The Internet of Things entered a new period of growth in the last year in the enterprise market, as companies moved from the testing stage to full deployment, according to Mark Bartolomeo, Vice President, Connected Solutions – Internet of Things, Verizon.
Bartolomeo gave a keynote at the HetNet EXPO in West Palm Beach, Florida, where he addressed the recently released report, “State of the Market: Internet of Things 2017.”
“I have been waiting 15 years to actually write in the report that we are making progress in the adoption of IoT,” said Bartolomeo. “It is something that we have been looking at for many, many years and working through the issues of standards, security, interoperability and cost.”
Manufacturing grew 84 percent, utilities/energy grew 41 percent, transportation grew 40 percent, smart cities grew 19 percent and healthcare grew 11 percent, according to year-over-year Verizon IoT network connections from 2016 to 2017.
“The reason enterprises are moving from their early adopter phase to full deployment is they have a proven business,” he said. “With the improved business cases, we are seeing the small and medium size enterprise begin to deploy.”
Regulatory compliance is a major factor driving IoT. The U.S. Drug Supply Chain Security Act requires pharmaceutical firms to track the shipments of it drugs.
“Big wireless deployments are underway in the transportation industry to track and trace pharmaceuticals globally to eliminate the $75 billion annual counterfeit drug trade,” Bartolomeo said.
Smart grid technology is moving from the urban centers to rural areas with gas and electric coops deploying 300 million meters to improve their smart energy systems over the next ten years, according to Bartolomeo. For example, Dakota Valley Electric Cooperative and Peninsula Light Company have deployed Verizon’s Grid Wide Utility Solutions, which is an intelligent energy platform.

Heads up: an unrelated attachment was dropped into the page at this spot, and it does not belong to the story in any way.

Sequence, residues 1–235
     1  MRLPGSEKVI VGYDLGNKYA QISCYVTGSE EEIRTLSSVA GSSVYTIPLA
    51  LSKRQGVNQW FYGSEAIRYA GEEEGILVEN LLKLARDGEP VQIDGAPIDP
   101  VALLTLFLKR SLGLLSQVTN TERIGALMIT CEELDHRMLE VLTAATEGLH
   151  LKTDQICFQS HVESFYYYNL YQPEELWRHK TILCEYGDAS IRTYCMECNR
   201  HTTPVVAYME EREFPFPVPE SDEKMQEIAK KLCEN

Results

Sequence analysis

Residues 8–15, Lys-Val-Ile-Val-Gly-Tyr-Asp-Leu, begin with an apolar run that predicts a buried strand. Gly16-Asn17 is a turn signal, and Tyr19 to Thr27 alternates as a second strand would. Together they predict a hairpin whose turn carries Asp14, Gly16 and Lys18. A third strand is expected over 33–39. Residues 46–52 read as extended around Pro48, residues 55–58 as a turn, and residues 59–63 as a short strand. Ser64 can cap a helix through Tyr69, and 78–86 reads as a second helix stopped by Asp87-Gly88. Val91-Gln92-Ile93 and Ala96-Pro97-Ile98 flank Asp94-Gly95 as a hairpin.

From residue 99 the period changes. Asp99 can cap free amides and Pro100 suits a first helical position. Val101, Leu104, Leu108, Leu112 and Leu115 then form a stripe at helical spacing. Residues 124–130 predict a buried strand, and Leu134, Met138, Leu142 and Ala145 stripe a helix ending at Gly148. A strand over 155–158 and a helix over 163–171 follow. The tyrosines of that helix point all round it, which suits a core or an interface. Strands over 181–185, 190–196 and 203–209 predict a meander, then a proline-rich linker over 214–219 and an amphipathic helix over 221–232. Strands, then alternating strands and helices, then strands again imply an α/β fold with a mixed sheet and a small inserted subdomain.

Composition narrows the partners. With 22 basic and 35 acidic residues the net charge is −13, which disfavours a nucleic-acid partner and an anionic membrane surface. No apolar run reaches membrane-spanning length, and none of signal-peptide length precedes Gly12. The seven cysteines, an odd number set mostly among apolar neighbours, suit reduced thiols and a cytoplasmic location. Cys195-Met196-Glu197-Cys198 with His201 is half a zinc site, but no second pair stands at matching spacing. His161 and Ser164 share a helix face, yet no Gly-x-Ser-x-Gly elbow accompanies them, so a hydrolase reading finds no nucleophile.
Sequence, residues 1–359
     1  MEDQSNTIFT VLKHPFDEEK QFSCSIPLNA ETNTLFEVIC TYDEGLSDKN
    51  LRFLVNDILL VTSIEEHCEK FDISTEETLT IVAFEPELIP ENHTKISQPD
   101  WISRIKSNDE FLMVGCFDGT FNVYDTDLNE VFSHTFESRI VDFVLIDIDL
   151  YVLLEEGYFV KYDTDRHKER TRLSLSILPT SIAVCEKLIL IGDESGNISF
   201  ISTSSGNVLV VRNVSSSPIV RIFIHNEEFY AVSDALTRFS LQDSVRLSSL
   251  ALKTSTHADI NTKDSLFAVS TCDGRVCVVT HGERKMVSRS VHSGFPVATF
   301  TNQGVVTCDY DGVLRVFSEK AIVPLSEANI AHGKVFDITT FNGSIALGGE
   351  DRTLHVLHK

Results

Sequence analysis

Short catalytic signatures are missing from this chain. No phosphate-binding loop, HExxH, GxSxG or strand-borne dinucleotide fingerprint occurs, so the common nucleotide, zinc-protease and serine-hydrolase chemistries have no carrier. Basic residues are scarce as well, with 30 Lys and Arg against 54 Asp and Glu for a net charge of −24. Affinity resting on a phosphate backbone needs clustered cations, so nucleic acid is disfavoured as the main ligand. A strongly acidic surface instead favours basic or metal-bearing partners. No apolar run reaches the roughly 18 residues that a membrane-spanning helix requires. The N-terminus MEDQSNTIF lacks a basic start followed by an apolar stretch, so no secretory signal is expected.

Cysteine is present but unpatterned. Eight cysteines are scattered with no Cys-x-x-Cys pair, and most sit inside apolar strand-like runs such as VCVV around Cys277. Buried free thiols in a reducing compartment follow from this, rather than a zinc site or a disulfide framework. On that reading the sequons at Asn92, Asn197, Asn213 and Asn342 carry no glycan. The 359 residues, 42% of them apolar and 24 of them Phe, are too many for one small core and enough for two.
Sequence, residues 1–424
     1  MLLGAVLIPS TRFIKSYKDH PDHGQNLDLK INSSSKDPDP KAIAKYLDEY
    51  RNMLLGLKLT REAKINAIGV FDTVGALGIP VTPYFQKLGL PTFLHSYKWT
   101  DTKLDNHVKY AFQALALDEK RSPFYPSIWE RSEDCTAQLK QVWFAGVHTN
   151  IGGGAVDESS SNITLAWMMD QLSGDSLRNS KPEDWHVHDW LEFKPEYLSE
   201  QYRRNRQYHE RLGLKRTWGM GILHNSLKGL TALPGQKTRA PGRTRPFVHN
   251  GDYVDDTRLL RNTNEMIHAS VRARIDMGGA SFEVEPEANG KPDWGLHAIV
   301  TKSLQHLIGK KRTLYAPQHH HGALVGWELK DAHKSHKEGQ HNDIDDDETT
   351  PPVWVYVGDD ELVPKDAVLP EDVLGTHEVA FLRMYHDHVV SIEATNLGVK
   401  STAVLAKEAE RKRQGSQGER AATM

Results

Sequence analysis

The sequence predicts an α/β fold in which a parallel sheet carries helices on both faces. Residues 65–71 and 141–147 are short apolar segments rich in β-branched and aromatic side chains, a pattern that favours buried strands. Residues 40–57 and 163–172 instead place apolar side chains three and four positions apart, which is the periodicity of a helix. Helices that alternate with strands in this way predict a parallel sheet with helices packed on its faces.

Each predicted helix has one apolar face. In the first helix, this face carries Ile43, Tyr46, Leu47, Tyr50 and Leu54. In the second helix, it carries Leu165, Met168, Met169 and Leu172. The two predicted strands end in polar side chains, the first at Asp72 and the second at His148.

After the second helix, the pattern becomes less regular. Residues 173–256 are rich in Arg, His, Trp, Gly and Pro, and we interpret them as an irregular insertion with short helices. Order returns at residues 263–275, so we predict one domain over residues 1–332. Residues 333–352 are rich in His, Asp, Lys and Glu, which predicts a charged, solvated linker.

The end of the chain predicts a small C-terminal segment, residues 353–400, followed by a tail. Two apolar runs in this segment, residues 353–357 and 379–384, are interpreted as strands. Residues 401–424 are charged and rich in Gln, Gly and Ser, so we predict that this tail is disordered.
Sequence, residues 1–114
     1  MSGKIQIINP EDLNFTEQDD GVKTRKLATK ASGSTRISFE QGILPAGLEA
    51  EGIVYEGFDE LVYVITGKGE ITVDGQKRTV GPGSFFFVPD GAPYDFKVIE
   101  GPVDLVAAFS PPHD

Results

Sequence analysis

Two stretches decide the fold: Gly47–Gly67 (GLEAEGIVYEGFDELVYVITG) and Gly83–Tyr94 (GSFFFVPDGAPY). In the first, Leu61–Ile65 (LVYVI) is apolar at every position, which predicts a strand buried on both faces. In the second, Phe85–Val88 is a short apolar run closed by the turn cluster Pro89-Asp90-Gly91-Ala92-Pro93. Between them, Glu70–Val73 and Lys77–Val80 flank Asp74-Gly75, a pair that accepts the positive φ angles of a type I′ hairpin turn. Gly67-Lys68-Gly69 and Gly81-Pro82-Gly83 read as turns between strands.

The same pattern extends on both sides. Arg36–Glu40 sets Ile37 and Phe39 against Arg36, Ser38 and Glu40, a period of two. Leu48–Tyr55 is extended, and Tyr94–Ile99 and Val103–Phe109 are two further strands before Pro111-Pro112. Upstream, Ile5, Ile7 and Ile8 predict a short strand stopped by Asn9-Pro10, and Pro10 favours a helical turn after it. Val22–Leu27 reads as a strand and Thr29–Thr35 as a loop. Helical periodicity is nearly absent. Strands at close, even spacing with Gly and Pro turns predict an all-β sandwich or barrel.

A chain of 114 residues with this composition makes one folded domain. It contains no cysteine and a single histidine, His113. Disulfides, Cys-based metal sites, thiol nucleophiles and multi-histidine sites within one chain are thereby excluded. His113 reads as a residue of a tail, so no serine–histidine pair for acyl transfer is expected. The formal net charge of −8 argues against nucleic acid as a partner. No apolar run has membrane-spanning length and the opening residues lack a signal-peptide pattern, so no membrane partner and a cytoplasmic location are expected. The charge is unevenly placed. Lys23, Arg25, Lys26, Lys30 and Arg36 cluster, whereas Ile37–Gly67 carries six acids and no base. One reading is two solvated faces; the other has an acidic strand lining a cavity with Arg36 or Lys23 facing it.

Even with movement forward, the IoT industry still must overcome certain barriers. For one, the supplier ecosystem is too fragmented.
“How do we align our suppliers?” Bartolomeo said. “The reason IoT was slow to be adopted for smart grid was that the user had to acquire a meter from one company, communications cards from another and a wireless network from another and also hire systems integrators.”
Additionally, security, which is now a number one concern in the public, has been treated as an afterthought in IoT. “There are not enough standards concerning security,” he said. “In the future, artificial intelligence will be used to monitor the devices looking for security issues.”
The other issue that IoT has had is the cost was too high. However, costs have already dropped due to the deployment of CAT-M technology and the virtualization of the core network. For example, tracking the location and temperature of vaccines for a pharmaceutical company used to require a $300 device. That has now dropped in price below $50. Next year it will get down below $30.
“For IoT to grow, we need to be able to track everything, but today’s economics don’t allow that to occur. We are getting there very quickly. Also we are seeing improvements in battery life,” Bartolomeo said.
Another key is standardization. IoT platforms must be able to support heterogeneous networks, all network topologies, all wireless spectrum, whether it is public and private, according to Bartolomeo. Verizon has been very involved in accelerating adoption of 5G IoT standards.
He was confident that the IoT industry can continue its upward. “Lowering the cost will expand the addressable market, a common platform will bring flexible pricing and the ability to monitor a device over any network topology, and security will bring in a lot of companies that were holding back,” he said.